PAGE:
Of all my books, I return to Cynthia King's translation of Musonius Rufus the most often. It's a short read because we have little left of Rufus's teachings. What we do have is illuminating. It paints a picture of a Stoic philosophy that had strong opinions concerning every aspect of life; sex to sexism, eating habits to parental discipline. I return to the book because I like to be reminded of the Stoa's realness. This was an actual school. Its students were trying to change their approach to life and its teachers gave hard answers concerning how to go about it. Musonius Rufus, more than any other Stoic, reminds me to both respect and challenge the ancient teachers whose ideas I am incorporating into my life.
Rufus was the head of the Stoic school in his time. In fact, one of his students was to become the more famous stoic teacher, Epictetus. Musonius Rufus spoke to be understood. He didn't want to come up with a hundred ways to explain a principle, instead he would present one clear argument. He continuously advocated for a practical, lived philosophy. As he put it, "Just as there is no use in medical study unless it leads to the health of the human body, so there is no use to a philosophical doctrine unless it leads to the virtue of the human soul." True to his word, Rufus lays out some strong medicine for his students. It's through Rufus that we know Stoics approved of equal education for women. Two of his letters lay out an uncompromising proto-feminist stance. At the same time, other letters are massively homophobic and also claim that all sex is for procreation and only procreation. So it's a mixed bag! This is why I like it. Musonius Rufus isn't sanitized. His works aren't a greatest hits of Stoic quotes. They're a glimpse into history and a reminder that Stoicism was built by flawed and brilliant men. I suggest reading Musonius Rufus with a notebook to capture some great ideas and multiple grains of salt to work through the rest.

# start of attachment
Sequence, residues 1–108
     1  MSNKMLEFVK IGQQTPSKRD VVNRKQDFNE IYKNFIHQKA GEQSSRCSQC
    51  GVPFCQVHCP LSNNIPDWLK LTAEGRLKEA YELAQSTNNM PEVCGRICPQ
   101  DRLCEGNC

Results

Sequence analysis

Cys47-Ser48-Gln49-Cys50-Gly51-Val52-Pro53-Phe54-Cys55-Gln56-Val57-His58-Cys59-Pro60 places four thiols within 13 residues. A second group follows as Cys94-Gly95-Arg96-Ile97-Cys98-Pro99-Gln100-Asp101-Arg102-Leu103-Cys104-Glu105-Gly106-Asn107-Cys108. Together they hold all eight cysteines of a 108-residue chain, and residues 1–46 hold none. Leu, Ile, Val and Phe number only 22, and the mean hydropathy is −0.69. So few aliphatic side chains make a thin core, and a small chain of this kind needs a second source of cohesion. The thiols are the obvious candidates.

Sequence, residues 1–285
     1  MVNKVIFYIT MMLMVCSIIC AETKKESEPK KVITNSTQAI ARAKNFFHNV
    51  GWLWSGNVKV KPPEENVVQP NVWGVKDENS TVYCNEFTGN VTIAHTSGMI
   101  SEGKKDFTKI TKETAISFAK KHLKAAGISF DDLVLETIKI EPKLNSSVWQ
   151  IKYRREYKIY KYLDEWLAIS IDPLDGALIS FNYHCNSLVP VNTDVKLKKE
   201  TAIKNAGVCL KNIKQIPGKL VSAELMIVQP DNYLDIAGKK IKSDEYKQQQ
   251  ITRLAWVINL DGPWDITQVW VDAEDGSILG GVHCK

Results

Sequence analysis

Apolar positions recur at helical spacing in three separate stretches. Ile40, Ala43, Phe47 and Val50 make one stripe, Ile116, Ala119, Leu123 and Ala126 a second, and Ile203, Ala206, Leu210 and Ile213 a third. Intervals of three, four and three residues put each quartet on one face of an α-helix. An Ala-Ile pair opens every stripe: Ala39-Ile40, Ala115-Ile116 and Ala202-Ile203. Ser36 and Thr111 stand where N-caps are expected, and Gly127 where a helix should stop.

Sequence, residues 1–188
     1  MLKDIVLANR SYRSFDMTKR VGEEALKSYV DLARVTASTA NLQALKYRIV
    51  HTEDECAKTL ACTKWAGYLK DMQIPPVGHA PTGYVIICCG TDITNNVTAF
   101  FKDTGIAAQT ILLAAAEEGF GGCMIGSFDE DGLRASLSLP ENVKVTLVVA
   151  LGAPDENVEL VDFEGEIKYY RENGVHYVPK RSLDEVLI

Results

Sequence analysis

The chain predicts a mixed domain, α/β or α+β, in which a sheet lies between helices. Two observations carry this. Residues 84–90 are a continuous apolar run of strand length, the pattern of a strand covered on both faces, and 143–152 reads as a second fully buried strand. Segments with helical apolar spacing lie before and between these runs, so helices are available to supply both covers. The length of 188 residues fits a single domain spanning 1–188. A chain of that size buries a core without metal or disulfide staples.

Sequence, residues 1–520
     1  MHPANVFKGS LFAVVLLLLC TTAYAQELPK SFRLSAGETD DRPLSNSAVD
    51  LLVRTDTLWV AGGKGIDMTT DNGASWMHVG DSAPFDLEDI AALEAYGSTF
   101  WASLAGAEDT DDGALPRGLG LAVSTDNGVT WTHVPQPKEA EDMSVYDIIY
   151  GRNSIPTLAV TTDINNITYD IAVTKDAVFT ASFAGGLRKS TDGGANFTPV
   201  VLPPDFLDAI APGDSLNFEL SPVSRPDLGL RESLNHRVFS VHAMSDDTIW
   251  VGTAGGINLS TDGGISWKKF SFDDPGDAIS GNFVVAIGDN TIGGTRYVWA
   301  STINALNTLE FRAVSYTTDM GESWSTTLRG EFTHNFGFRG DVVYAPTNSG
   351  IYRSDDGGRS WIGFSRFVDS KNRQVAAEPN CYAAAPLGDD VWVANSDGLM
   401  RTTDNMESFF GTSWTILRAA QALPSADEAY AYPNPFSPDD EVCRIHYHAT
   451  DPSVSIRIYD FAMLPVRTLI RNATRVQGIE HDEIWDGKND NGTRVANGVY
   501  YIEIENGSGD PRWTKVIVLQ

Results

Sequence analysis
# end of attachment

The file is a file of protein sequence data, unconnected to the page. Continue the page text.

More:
Musonius Rufus : Lectures and Sayings translated by Cynthia King